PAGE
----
At the first station I knew I’d made a mistake and caught the wrong train. I should have walked to another platform earlier on that day and it was only by mistake that I had been at the platform where I saw the girl.
I wonder how much of it really was a mistake though.
I’m a 23 year old guy and on occasion I need to look the part. So this week I splashed out and bought the new Philips GC2560 and it is phenomenal. Finished in dark grey, white and chrome it’s got 2100W of power, a 95g boost with high capacity storage, Double Active Calc system and at the press of a button it growls like a tiger. It’s an iron.
Initially I felt really old buying it, like a proper adult. But at the moment it is just something that I really need. All the nice looking business shirts and ties are pretty useless if they are grandma wrinkly. However, upon opening up the box and checking out my latest toy (I didn’t do this in the shop – I just asked for the cheapest thing on offer) I found that this particular white good was actually designed by someone like me, someone on the go, someone who wants to inject a bit of fun into their life. For starters it heats up quicker than a commodore bonnet in Alice Springs and when you press the steam boost button it hisses and snarls in a gloriously angry fashion – I’ve got no idea what it does, but it sounds ace! Best of all though is that there’s a spray nozzle out the front near the nose and at the push of another button it’ll squirt a sharp mist of water. Now many people out there would be thinking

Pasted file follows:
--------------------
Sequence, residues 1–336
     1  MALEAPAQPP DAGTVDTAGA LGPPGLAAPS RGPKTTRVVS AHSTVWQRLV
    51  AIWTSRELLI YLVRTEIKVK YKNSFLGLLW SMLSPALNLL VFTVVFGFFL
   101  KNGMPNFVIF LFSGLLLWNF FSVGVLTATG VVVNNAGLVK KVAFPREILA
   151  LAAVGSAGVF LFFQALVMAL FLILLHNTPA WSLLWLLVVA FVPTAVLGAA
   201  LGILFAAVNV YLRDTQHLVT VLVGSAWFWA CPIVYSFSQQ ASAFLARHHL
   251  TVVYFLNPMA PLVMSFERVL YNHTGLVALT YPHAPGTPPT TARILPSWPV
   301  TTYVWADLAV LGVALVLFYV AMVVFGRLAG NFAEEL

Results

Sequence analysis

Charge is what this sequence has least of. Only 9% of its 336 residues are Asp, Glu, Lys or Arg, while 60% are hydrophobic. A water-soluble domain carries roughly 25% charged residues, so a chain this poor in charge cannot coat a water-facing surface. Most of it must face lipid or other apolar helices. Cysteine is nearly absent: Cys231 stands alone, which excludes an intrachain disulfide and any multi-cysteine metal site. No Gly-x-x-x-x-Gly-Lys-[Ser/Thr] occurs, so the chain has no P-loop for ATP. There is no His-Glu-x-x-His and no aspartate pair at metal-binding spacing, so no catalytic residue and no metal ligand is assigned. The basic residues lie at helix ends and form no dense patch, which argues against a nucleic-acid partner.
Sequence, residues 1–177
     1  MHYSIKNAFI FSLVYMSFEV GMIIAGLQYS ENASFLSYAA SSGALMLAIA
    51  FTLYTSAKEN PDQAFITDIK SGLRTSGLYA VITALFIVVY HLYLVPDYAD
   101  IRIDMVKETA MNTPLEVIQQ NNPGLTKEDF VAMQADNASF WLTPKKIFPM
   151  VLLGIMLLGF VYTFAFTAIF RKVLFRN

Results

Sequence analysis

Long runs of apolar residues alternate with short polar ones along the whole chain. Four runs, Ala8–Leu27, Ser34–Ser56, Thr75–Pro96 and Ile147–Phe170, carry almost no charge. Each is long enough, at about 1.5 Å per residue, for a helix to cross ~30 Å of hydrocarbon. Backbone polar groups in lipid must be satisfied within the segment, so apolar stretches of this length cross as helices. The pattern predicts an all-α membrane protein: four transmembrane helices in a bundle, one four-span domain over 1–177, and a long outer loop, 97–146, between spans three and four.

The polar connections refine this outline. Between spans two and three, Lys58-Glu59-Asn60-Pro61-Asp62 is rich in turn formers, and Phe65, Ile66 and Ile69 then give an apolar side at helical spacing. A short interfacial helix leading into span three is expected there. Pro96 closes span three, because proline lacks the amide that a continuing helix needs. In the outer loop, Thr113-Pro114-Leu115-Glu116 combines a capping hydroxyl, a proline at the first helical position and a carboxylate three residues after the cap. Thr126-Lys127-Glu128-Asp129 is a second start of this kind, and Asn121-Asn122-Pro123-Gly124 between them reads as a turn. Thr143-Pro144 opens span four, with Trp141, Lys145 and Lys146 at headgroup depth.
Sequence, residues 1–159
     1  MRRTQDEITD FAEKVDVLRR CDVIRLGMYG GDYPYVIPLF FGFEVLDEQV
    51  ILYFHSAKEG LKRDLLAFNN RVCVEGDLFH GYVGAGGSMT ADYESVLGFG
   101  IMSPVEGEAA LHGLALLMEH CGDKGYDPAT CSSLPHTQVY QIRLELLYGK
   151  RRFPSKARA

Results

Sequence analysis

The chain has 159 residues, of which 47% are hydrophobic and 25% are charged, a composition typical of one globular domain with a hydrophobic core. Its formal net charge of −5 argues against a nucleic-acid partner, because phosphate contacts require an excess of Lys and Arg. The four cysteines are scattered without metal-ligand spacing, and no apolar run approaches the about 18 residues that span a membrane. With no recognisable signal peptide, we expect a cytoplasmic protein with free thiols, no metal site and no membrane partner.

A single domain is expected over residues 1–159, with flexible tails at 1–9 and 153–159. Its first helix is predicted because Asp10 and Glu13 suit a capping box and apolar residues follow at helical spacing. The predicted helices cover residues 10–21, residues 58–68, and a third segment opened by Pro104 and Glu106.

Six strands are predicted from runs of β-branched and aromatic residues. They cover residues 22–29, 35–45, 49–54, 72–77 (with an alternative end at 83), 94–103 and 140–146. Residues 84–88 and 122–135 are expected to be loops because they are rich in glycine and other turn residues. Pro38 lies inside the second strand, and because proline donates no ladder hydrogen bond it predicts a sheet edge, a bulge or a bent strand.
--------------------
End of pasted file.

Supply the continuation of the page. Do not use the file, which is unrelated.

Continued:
‘why would anyone want to combine a water pistol with an iron, I mean I thought camera phones were a bit silly but this is ridiculous’
But I know, I understand completely. Let me just paint you a picture.
It’s a hot day and you and your family are playing a little water fight game. As time goes on you are nearing the end of your armaments having used up all the water bombs and your water gun is running on empty. Thinking quickly you race into the laundry and confront your adversaries.
‘Ha, an iron what use is that’
They think as they lower their weapons and walk up to you (preferably within 30 cm) and then WHAM you hit the go button with your trigger finger and shower them in a fine spray of iron mist! Boom! You win!
I understand completely, this is a product for all occasions and I am one very proud new owner.
Just call me the Iron Man!